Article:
Documents were lodged with the High Court by the Sussex’s legal team at Schillings on November 27. The claim relates to a story published by the Sunday newspaper in October, which alleged that the Duke had failed to maintain contact with the Royal Marines after formally stepping away from his role as a working royal in March, the Telegraph understands.

We know that he certainly – and she by reputation – has some cash lying around. As Jarndyce v Jarndyce tells us, this isn’t necessarily the end state of affairs after calling on m’learned friends.

Criminal responsibility

Not sure about this:

The age of criminal responsibility in England and Wales should be reviewed because of mounting evidence that 10 is too young and puts the UK out of kilter with most other countries, the all-party justice committee has said.

The MPs said the Ministry of Justice (MoJ) should carry out an immediate review into the implications of raising the age to 12 – the same as in Scotland – or to 14, as in Germany, Italy and Spain.

The move follows evidence from the Royal College of Psychiatrists, the Youth Justice Board and the chief inspector of probation, all of whom argued that 10 was too young and that children’s brains were not mature enough for them to fully understand the consequences of their actions.

The current situation is that 10 year olds can be held criminally responsible but mostly are not. The change suggested is to where they cannot be held so responsible.

I don’t see any gain from the change so why make it?

This sounds a bit dodgy

A British whistleblower is being prevented from handing over a new dossier on oil industry bribery to the Serious Fraud Office (SFO) in London after being trapped in Croatia by a Kafkaesque extradition battle.

Jonathan Taylor has spent three months in Croatia fighting what his lawyers claim is a “politically motivated” extradition request by Monaco after he lifted the lid on alleged bribery by oil executives based in the principality.

The former oil industry lawyer, who was arrested on an Interpol warrant issued by Monaco when he arrived in Croatia for a family holiday, has used the time to compile a dossier on new allegations of bribery which the SFO and FBI want to study.

Well, yes, OK, don’t travel internationally when peeps might throw an Interpol warrant out there. It’a also amusing to think that Monaco actually has a legal system but still. It’s this bit that startles:

He had expected to hand the dossier over to the SFO in London this week after winning his supreme court appeal in Croatia against his extradition, but the judges placed a condition on their verdict which has thrown his return to Britain into serious doubt.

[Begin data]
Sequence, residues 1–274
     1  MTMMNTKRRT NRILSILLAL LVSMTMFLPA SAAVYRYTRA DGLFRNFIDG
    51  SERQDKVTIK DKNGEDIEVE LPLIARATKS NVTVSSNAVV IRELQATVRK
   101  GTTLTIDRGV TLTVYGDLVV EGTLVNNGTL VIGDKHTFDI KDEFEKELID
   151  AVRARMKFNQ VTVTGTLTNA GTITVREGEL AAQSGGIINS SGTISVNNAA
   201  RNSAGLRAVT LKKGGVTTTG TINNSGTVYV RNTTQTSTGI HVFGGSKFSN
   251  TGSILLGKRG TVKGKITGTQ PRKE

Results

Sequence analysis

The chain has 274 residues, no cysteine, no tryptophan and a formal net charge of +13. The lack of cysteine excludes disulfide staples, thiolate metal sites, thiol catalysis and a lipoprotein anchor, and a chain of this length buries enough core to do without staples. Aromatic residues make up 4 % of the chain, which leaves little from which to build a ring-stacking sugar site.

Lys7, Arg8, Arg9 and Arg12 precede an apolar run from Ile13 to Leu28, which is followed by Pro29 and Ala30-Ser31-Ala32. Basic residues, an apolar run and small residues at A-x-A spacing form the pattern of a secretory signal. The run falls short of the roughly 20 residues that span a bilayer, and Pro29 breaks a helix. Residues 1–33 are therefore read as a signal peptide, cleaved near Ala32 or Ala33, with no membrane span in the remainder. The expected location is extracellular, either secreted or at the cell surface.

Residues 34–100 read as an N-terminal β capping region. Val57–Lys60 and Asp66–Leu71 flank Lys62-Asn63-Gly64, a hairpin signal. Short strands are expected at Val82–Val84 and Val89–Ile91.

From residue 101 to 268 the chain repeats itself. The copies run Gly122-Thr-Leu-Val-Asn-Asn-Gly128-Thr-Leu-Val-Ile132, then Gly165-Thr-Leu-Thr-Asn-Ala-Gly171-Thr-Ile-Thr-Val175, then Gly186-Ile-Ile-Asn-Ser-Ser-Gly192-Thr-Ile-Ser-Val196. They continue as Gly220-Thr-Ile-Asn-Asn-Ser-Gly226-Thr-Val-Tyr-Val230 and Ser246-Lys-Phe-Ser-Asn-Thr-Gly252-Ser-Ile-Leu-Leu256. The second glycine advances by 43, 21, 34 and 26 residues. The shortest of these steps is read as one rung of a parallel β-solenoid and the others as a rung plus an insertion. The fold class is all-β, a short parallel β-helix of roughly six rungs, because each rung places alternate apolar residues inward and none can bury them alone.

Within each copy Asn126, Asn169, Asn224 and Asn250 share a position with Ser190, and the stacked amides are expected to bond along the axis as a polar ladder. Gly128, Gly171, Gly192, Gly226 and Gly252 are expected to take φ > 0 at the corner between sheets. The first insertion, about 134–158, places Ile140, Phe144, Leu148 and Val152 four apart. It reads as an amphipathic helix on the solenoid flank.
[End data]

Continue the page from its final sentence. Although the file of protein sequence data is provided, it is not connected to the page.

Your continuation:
Mr Taylor said: “I am in touch with the SFO whom I am very eager to assist in relation to new evidence of an eight-figure bribe involving at least five British nationals. The SFO are literally awaiting my arrival so I can hand over the evidence.

“I am a whistleblower. I am a protected witness. If there was ever a time for the Government to get involved, it has to be now.”

Well, OK, yes. Government get involved. But how?

The question being, that dossier, where is it? On holiday with him? So, give it to a consular official who can send it to London in the diplomatic bag. It’s in London? The give the SFO a ring and ask them to go ’round and pick it up.

That is, the question of him being on remand in Croatia and the file being in the hands of the SFO are two different things, two different points, one not being reliant upon the other.


The husband of a nurse killed by her policeman lover has said he is disappointed with the verdict, after the killer was sentenced to 10 and a half years in jail for manslaughter having previously been cleared of her murder.

The sentence isn’t far off what would be served for murder. For I’m pretty sure I’ve seen that the average served – the sentence is life by release on licence usually happens – is 7 years for murder. 10 and a half for manslaughter, half off as is usual, 5 and a quarter.

Sure, that 1 3/4 of a year will seem very long when serving it but the sentences aren’t hugely different, are they?

Perhaps Mr. Ludd QC could give us more detail?

Well, yes, clearly

In a statement read to the inquiry yesterday, Mr Blair said: In 1997 I would have known of the allegations made in 1991 in respect of Lord Janner by Frank Beck during his trial.
As regards the nomination, I would expect such allegations to be considered (by the Political Honours Scrutiny Committee) as part of that process.
In the circumstances of Lord Janner’s vigorous public denial, a police investigation, and charges not being brought, I do not believe the allegations would have been investigated further beyond confirming those facts, nor that I would have considered them a bar to the nomination.

Allegations made, investigation done, evidence of allegation not found – at that point, certainly.

So, should the allegations be a bar to the continuation of life as normal? And a peerage for a long serving back bencher isn’t unusual.

Well, no, because to make the allegation the judge and jury is to make the allegation the punishment, isn’t it?